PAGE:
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REVIEW: Luhrmann’s ‘The Great Gatsby’ Wows with Audacious 3-D Visuals, Sags Dramatically

REVIEW: Luhrmann's 'The Great Gatsby' Wows with Audacious 3-D Visuals, Sags Dramatically

The Great Gatsby” is a guilty pleasure, a swirling, audacious piece of cinema –in 3-D!–that could prove a crowdpleaser for young audiences. Set during the Roaring Twenties, the classic F. Scott Fitzgerald novel has been a fave of high school and college kids for decades. It plays young, partly because it’s about young people in love–or their idea of love, which judging from this latest take on the story, makes people incredibly stupid.

The movie opens May 10 before its May 15 international premiere as the opener at the Cannes Film Festival, 15 miles from where Fitzgerald finished the novel.

It’s easy to discern the attraction for Australian filmmaker Baz Luhrmann: “The Great Gatsby” offers plenty of room for visual spectacle and deep-focus 3-D, as well as cinematic mythmaking. The movie opens up, much like “Oz: The Great and Powerful,” with an old black and white flat Warner Bros. logo accompanied by a scratchy jazz track, which gives way to gaudy colors, 3-D and a contemporary soundtrack by the likes of Eminem and Jay Z. The music captures the rule-breaking giddiness of the Jazz Age.

If Luhrmann’s cameras swooped and whirled in “Moulin Rouge,” their digital counterparts fly in “Gatsby,” skimming along the shimmering waters of Long Island Sound, above the skyscrapers of Manhattan and over Jay Gatsby’s gleaming yellow roadster speeding down the roadways between the city and his gold turreted West Egg mansion.

“Back then all of us drank too much,” intones narrator Nick Carraway (Tobey Maguire), who in the script’s biggest departure from the original, recounts his relationship with his neighbor Gatsby, “the single most hopeful person I ever met,” to a sanitarium shrink, where he is confined for being morbidly alcoholic. Luhrmann has fun playing with his digital toolkit, bouncing images off various reflective surfaces, and throwing pieces of type and words at the audience across the screen.

Never more tan, lithe and handsome, slicked-back blond Leonardo DiCaprio, who worked with Luhrmann on “William Shakespeare’s Romeo + Juliet,” looks the part of Gatsby, the mysterious pinky-ringed millionaire host of lavish parties by the shore in West Egg, Long Island (read Great Neck). But it’s always a thankless cipher role, as Gatsby keeps repeating “old sport” to narrator Carraway, well-played by Maguire, who gets to make something of a comeback here, while DiCaprio could earn some of the critical scorn that was heaped on Robert Redford for his performance in the excoriated 1974 Jack Clayton version (which nonetheless made money for Robert Evans’ Paramount Pictures). (Maureen Dowd’s column on Gatsby’s enduring appeal here, TOH’s “Gatz” review here.)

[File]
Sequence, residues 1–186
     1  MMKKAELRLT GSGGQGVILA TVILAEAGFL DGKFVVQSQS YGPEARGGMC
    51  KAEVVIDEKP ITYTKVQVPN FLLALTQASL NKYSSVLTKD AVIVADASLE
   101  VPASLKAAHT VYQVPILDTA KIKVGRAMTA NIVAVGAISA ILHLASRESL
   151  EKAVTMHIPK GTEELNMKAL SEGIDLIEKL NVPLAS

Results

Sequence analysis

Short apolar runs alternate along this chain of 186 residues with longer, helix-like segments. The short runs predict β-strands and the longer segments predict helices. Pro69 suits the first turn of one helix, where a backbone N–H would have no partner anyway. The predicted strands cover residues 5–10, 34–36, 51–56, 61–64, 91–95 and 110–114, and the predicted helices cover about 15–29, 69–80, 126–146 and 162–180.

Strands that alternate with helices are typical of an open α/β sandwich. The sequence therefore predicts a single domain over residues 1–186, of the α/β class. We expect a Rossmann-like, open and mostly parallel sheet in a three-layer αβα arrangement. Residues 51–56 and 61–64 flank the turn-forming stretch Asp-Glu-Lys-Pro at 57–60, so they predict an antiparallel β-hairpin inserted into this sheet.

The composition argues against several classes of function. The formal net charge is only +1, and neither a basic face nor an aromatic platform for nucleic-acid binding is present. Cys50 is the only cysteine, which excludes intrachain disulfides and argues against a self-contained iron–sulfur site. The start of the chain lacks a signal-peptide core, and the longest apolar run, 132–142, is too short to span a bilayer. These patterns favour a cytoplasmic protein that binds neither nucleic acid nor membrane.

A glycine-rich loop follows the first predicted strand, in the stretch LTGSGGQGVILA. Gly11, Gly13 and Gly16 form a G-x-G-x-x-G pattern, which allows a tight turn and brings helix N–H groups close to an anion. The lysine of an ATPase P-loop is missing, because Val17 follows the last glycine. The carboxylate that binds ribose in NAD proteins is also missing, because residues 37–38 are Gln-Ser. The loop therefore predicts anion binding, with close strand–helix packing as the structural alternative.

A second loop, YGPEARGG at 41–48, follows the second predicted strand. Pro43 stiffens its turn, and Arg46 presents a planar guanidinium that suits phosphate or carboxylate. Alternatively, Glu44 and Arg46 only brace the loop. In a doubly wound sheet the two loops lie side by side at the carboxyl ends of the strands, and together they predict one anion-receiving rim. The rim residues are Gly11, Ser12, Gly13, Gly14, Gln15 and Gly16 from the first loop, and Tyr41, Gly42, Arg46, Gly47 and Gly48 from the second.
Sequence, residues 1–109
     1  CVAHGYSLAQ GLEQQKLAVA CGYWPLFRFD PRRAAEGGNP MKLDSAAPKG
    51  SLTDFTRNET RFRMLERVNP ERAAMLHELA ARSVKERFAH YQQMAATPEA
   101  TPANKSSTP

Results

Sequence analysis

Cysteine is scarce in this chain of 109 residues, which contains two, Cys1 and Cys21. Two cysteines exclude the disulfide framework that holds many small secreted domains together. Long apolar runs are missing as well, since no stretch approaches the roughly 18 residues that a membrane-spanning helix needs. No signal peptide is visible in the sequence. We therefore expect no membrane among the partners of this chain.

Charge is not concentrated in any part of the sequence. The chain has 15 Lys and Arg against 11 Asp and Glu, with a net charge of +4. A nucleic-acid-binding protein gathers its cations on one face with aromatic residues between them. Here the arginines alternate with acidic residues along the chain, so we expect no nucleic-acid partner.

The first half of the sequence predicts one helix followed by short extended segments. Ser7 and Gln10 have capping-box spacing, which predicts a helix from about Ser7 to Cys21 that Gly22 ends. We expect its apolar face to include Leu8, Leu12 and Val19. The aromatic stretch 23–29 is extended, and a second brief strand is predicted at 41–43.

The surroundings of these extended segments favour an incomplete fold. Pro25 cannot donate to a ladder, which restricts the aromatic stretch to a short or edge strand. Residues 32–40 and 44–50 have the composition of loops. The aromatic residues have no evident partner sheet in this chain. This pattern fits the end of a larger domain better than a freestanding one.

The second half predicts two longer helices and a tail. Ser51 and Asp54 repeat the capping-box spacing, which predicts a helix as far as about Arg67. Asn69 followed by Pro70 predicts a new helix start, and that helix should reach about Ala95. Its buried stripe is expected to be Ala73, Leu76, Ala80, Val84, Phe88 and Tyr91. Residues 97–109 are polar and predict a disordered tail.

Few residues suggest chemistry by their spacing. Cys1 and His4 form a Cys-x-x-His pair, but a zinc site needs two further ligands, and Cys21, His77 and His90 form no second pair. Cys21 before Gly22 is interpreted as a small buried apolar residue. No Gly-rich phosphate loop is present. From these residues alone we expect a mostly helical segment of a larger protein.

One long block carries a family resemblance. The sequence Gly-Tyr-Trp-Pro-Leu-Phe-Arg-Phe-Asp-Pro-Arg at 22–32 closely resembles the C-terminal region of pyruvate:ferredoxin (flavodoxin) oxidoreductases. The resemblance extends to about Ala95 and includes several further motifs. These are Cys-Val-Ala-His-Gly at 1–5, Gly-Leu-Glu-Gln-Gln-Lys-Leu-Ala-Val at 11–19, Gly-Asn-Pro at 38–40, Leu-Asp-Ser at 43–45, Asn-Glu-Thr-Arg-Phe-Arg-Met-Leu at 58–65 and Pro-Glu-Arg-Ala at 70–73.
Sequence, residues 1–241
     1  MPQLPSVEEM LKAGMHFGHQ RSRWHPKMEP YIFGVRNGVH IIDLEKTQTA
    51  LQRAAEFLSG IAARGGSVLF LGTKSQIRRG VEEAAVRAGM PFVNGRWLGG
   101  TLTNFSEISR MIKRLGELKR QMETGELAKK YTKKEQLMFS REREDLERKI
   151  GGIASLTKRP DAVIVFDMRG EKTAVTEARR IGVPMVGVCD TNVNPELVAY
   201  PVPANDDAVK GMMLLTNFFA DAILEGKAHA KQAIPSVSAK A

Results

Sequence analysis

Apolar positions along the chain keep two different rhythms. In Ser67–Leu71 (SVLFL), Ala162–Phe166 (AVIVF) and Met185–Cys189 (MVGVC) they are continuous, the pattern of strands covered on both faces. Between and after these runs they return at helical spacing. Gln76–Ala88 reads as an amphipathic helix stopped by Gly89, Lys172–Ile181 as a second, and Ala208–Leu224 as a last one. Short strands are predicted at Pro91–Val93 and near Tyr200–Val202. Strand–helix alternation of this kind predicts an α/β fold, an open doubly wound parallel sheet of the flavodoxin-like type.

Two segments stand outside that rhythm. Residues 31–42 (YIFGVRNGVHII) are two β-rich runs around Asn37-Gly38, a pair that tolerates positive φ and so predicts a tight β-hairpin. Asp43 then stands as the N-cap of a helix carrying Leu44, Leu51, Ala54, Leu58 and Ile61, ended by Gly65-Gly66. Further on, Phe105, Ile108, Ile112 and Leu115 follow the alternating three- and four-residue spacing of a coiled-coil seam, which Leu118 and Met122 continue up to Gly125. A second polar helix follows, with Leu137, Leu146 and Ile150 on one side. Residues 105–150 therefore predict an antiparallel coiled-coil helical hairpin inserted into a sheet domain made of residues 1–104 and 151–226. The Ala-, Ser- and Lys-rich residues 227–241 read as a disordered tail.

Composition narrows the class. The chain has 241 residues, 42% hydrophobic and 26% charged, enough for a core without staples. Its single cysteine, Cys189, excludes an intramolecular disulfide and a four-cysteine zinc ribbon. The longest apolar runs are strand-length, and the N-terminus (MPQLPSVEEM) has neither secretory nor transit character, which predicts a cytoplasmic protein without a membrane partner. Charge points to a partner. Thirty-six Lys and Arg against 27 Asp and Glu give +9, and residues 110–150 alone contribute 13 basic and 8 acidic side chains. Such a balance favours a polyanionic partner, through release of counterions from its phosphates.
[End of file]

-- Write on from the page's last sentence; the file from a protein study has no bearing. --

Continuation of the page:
DiCaprio tries to express Gatsby’s obsessive love for Carraway’s callow cousin Daisy Buchanan (Carey Mulligan, beating out a bevy of competitors), who emerges out of billowing white curtains to give her best line: “I hope she’ll be a fool. That’s the best thing a girl can be in this world, a beautiful little fool.”But these characters carry no fine romance, kissing in 3-D; the one who seems truly in
love is Carraway–with Gatsby. Australian Joel Edgerton doesn’t read blue-blood Yale Brahmin Tom
Buchanan at first, but he’s a strong enough actor to carry off the
role–you believe that’s he feels entitled to his polo-playing racist
womanizing ways. And when push comes to shove, Buchanan is strong and rooted in a
way that fantasizing, self-made, insecure Gatsby is not.

Edgerton’s fellow Aussie
Jason Clarke (“Zero Dark Thirty”) is thrown away in a thankless supporting part as the cuckolded auto
mechanic husband of Buchanan’s ditzy mistress (Isla Fisher). And Bollywood great Amitabh Bachchan memorably cameos as Meyer Wolfsheim.

Finally, this is the kind of film where you hum the sets,
as they say in Hollywood. It’s outrageously designed by Luhrmann’s wife, brilliant production designer Catherine
Martin, who delivers the Gatsby manse’s shining turrets, gleaming parquet floors, elaborate chandeliers and a mighty gold Wurlitzer organ, but should also earn an Oscar nomination for her gorgeous over-the-top costumes, including the Daisy Buchanan show-topper, a chandelier party dress designed by Miuccia Prada.

The film builds from an early small-scale Bacchanalia in a gaudy pink New York pied-a-terre to the giant-scale choreographed chaos of the Gatsby party centerpiece, the tour-de-force that makes the movie a must-see. “Large parties are so intimate,” croons Carraway’s lovely golfer pal Jordan Baker (newcomer Elizabeth Debicki).

At the party they join scads of dazzling fashionistas in intricate hats, indulge in flowing champagne and martinis, watch dancers high-kicking with giant feather fans, zebra floats in the pool, orchestra musicians in red fezes, floating giant butterflies, streaming confetti, and exploding fireworks– all synced to George Gershwin’s “Rhapsody in Blue.”

But when Luhrmann returns for another round of parties, it’s a letdown. Finally this overproduced slimmest of narratives becomes repetitive, at two hours and 23 minutes, as we revisit the sumptuous set pieces, Gatsby looking longingly across the water toward Daisy’s glowing green dock, and hear yet another iteration of the morphing Gatsby backstory until, finally, we reach Fitzgerald’s last words, from the novel: “So we beat on, boats against the current, borne back ceaselessly into the past.”

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